I'm going to spend about half the talk talking about the internals of a bunch of serverless databases. Why am I going to tell you how to build a serverless database when clearly the vast majority of you are not going to go back and tell your boss, "I'm building a serverless database now." I think you guys are in a position to choose technologies for yourself, for your teams, for your companies. This is what senior developers and architects do. Knowing and understanding the internals and the tradeoffs that were involved in creating those systems will allow you to make really good choices. This is the goal, to equip you in making good choices. If people here listening to my talk would say, "Until today, I thought that serverless is marketing BS. Now that I understand really what's going on and the tradeoffs and the benefits, I think I may look a bit more into it." If that's what you say then, I've done my job.


Until about a year and a half ago, I was leading cloud native Kafka for Confluent. I led this team of amazing engineers. Our goal was to build serverless Kafka experience for Confluent Cloud, when we said that we want serverless Kafka experience. Confluent marketing was very responsible, they never said serverless, we only said that internally. It was our vision, is that our users will only give us their workload, and the credit card, and that's it. We will take care of everything else. You need more resources, you need something optimized, you need to move partition around, you need a different configuration, don't worry about it, produce, consume, send us data, we will figure out the rest. When I say serverless, this is my mental model. As a vendor, it obviously meant that there was a lot on us. The usual, we have to be highly available, we had to never lose anyone's data. Then we had to provide elasticity. Because they're giving us a workload, we don't know how much of it will be, and when it will show up. We need to be able to scale clusters up and down. It's even more than just autoscale. Elasticity for me means being able to resolve hotspots, resolve noisy neighbors, really making sure that every part of the workload always has optimal performance at all times. It was a lot of smart people investing a lot in this. Fast forward a year and a half later, I'm building a new database with a much smaller team of amazing engineers. Because we're building a new database, I get to rethink ideas about a lot of those architectures. This database is not quite ready yet. You cannot go to the website and start using it. It does mean that I've spent the last year and a half rethinking about how to build a modern database from first principles, looking at every bit of architecture, what works, what doesn't, in what situation.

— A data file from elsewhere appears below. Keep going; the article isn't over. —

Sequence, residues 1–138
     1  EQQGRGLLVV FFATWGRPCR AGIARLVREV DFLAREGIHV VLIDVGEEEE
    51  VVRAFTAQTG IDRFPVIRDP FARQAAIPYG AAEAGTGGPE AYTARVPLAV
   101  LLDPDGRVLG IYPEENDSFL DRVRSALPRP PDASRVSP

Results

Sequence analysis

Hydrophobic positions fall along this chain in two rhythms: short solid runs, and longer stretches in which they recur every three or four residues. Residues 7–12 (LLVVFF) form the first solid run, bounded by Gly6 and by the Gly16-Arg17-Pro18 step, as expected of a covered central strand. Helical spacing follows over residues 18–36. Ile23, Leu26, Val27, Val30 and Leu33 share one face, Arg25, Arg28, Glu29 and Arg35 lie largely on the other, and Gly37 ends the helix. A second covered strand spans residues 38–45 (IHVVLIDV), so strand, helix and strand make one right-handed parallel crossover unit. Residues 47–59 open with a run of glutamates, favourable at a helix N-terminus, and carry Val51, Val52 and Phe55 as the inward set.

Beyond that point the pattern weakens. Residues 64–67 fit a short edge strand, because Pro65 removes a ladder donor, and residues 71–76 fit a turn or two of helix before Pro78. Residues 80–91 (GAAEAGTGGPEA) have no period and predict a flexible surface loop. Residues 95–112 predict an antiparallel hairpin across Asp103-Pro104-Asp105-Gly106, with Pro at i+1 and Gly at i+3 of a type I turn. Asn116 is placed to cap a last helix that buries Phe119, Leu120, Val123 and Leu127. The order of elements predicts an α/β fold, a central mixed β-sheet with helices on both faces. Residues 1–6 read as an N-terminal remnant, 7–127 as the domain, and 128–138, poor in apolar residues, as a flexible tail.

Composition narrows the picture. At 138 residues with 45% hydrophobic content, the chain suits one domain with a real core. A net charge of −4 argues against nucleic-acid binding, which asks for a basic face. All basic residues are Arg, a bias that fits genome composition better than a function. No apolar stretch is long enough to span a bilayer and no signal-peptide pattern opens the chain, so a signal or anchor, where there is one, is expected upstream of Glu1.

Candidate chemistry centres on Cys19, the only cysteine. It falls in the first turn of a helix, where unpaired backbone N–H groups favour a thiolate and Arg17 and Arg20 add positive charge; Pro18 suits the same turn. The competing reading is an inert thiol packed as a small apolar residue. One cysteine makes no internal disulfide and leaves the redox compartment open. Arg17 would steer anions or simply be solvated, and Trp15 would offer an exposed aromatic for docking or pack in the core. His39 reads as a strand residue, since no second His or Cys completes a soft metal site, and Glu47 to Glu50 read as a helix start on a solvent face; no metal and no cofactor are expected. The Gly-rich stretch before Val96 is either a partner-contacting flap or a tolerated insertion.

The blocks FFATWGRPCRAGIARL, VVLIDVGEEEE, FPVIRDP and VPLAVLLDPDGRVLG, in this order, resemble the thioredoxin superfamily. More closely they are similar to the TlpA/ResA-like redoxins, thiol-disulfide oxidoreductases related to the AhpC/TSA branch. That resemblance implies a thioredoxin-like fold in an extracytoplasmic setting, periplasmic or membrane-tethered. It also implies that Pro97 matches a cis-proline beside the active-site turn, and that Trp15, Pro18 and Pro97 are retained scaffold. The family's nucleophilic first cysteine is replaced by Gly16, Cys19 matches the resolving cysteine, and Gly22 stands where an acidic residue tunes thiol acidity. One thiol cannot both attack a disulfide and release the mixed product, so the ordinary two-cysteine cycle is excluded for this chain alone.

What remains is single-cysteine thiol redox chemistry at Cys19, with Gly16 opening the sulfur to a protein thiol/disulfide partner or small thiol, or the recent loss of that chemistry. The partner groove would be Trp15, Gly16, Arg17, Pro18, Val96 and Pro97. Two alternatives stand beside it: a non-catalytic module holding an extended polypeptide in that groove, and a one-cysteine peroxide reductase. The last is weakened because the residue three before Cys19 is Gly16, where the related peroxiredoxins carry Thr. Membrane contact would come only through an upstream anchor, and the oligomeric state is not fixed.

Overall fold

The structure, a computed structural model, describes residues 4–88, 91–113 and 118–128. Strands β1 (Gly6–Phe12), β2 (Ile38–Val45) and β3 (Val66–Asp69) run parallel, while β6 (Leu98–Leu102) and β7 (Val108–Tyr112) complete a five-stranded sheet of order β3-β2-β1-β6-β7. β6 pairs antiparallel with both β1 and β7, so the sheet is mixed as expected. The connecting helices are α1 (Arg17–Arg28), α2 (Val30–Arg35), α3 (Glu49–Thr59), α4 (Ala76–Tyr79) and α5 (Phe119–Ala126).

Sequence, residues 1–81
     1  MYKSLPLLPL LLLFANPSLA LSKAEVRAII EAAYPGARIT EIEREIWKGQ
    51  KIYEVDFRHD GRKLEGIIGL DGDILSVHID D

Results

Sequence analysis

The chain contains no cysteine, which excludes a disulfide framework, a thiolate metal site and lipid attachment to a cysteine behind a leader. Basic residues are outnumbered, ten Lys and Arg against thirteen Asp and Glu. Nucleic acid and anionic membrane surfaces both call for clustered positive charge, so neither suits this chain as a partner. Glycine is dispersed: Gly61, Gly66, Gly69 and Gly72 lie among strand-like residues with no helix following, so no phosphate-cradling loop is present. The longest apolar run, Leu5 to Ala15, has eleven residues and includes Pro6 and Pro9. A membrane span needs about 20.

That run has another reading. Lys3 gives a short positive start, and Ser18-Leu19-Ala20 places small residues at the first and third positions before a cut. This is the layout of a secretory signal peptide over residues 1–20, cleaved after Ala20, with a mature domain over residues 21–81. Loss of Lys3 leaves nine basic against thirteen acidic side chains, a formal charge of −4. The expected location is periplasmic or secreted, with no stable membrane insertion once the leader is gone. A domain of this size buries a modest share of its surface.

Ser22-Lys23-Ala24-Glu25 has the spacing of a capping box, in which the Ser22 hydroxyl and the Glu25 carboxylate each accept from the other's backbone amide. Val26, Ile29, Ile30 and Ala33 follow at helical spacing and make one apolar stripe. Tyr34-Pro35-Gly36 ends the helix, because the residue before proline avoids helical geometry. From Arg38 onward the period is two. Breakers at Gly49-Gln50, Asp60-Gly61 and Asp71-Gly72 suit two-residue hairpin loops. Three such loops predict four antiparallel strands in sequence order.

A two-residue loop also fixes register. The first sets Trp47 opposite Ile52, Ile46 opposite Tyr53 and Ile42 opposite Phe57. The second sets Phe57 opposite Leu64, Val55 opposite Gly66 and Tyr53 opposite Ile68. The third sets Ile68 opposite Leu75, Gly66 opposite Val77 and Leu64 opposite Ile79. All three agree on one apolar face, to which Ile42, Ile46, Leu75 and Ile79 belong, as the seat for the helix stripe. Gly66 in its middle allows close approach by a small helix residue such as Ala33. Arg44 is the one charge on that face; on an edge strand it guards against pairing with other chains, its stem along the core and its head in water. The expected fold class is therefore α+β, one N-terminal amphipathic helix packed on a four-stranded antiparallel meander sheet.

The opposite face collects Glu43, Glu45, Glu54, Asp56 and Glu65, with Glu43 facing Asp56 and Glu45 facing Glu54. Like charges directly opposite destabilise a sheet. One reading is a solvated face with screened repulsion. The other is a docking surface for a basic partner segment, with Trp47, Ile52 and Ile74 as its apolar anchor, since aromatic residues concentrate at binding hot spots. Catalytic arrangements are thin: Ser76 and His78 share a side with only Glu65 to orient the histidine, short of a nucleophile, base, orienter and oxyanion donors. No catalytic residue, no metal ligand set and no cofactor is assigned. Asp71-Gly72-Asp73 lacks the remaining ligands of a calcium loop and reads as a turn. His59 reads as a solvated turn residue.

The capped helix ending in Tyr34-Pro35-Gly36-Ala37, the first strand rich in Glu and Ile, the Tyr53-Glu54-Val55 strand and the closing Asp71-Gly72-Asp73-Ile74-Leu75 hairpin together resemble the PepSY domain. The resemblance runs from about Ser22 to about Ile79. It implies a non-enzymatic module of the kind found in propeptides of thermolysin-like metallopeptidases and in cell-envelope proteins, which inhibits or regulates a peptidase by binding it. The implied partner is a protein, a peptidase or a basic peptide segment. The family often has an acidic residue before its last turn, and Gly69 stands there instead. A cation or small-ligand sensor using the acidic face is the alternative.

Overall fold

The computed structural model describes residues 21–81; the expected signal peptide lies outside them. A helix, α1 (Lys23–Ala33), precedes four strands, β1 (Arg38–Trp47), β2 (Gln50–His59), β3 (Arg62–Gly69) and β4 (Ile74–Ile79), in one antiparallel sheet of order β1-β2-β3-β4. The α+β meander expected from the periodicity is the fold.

Architecture of Serverless DBs